Going by the components, that a Jeunet Classique. Based on the decals, it's mid-late 1970s. It's equivalent to the Peugeot UO8 or a Gitane Gran Sport with the QR option. Basically, it's one step up from entry level for the era.
Jeunet was typical of French bicycles of the era. The emphasis was on a nice, resilient ride quality and realitively light weight. As a trade-off, the bicyles lacked some of the some of the durability and clean finishing of the non-French competition. This is not to say that the bicycles were not well made. It's just that the French believed that light weight was more important than a frame coming out outscathed from a collison with a dump truck and that money was better spent elsewhere than wasting time on a very nice paint job and lug finishing.
The 'big four' of French manufacturing during the era were Motobecane, Peugeot, Girtane and Mercier. Jeunet fell in to second tier, below this group. As Nick says, there were some very nice Jeunets. I had 1974 Jeunet Professionel with Reynolds 531 DB, Huret Jubilee derailleurs, TA Pro cranks, MAFAC 2000 brakes and MAVIC gold (260g) tubular rims. It was extremely light for it's day, even lighter than a Peugeot PX10LE. Unfortunartely, it did not survive a crash and I trashed the frame (big mistake) but still have the components.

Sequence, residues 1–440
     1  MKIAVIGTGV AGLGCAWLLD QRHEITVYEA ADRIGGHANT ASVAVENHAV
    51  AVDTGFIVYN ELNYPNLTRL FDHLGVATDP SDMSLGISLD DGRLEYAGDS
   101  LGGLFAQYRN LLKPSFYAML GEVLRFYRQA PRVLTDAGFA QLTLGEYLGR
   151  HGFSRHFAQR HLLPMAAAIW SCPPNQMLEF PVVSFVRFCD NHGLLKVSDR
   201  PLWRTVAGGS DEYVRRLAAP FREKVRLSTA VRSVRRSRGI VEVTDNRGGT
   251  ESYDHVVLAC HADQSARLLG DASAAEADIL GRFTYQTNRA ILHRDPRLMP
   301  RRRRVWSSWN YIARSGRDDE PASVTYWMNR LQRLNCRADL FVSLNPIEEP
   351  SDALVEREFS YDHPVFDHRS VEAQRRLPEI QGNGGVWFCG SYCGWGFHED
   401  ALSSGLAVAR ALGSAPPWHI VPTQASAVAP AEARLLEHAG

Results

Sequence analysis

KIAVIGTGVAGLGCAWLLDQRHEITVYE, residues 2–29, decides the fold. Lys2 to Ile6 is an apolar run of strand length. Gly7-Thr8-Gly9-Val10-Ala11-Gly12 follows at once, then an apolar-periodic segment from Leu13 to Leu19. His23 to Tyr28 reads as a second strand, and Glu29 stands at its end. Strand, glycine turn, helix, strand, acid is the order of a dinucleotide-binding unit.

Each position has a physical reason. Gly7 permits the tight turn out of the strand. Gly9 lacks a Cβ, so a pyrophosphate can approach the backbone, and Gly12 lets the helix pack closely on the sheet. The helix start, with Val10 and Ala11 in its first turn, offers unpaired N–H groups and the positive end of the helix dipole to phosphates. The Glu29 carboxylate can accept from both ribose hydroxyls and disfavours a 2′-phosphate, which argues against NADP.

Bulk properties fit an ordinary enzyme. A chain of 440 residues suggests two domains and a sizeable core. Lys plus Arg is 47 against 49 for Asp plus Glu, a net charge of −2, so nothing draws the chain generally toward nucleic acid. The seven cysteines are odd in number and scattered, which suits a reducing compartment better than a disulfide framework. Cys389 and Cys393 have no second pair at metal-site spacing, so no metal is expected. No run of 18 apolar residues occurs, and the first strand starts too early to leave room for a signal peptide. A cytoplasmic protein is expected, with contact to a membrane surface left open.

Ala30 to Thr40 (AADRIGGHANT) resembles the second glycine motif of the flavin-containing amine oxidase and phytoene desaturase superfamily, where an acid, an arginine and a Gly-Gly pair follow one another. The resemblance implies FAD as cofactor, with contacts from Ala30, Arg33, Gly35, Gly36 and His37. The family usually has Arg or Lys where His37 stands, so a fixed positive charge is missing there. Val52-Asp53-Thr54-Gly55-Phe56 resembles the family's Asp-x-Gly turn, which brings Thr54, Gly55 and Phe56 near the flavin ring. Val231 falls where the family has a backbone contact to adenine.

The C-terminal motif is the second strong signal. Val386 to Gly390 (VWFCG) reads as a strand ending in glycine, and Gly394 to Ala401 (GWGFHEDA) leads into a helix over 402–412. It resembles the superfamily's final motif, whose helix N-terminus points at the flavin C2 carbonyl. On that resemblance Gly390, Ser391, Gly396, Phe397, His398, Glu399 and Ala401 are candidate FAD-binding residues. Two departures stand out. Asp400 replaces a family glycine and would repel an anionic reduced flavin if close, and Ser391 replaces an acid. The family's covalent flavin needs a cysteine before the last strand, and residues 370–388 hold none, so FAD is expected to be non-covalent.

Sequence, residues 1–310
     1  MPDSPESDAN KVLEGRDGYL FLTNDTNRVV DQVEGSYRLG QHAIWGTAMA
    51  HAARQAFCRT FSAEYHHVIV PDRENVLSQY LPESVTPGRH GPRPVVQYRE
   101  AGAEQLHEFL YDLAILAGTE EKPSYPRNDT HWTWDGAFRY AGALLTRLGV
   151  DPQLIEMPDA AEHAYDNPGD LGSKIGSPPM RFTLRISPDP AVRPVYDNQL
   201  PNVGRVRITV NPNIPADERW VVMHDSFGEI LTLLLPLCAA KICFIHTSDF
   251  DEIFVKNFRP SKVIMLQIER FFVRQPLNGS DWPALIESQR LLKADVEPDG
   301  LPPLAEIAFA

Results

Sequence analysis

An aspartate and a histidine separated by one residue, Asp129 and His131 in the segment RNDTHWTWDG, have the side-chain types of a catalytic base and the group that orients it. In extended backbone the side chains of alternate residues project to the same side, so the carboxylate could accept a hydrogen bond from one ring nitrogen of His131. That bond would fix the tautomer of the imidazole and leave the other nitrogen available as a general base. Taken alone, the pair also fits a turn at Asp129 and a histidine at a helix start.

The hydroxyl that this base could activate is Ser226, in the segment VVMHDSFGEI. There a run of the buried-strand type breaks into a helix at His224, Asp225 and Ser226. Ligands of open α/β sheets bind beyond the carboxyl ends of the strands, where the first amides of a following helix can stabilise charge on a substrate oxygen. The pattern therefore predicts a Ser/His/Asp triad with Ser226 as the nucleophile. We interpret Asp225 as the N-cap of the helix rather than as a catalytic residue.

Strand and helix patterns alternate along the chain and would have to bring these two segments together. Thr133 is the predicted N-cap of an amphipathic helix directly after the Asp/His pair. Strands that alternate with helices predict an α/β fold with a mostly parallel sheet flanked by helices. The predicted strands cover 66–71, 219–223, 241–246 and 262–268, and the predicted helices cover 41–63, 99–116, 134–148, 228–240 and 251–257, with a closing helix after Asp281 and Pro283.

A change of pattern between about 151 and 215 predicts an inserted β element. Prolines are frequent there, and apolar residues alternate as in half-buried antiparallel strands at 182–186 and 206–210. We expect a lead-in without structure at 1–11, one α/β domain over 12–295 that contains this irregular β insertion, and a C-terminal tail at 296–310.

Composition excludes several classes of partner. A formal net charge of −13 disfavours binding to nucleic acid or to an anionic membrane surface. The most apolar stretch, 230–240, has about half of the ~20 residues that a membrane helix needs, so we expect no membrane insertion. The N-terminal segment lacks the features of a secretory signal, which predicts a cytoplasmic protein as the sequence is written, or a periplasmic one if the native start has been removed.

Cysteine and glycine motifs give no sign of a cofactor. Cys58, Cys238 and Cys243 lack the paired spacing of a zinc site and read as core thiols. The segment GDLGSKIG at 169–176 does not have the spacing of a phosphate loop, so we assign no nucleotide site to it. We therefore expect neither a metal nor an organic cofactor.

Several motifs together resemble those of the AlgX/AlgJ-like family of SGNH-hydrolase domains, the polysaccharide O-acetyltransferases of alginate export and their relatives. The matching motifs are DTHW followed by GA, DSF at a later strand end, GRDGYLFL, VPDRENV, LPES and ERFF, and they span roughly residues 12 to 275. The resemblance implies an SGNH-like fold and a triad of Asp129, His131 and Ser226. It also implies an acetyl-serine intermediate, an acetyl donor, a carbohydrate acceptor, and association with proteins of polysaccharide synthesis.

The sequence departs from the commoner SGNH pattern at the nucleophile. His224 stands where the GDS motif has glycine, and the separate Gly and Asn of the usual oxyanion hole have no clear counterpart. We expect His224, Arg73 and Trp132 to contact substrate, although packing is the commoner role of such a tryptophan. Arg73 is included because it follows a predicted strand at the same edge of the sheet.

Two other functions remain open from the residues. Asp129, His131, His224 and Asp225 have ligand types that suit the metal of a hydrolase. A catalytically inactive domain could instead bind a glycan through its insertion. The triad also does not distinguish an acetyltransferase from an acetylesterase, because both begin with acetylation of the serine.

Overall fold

Your Jeunet does not have much value, but it's appears to be in nice condition and should be a nice ride. As for changing out components, that is fine, provided you decide to keep it. However, it will decrease the value should you decide to sell it and you come across someone who used to own one 30 years ago and just has to have it. The other concern is that most French bicycles of this era used French standard threads (headsets, bottom brackets, pedals, freewhweels) and smaller diameter handlebars and stems. Replacements for these parts will be more difficult to come by. Sheldon's site has a good explantion on the idiosyncrasies of French bicycles. Good luck!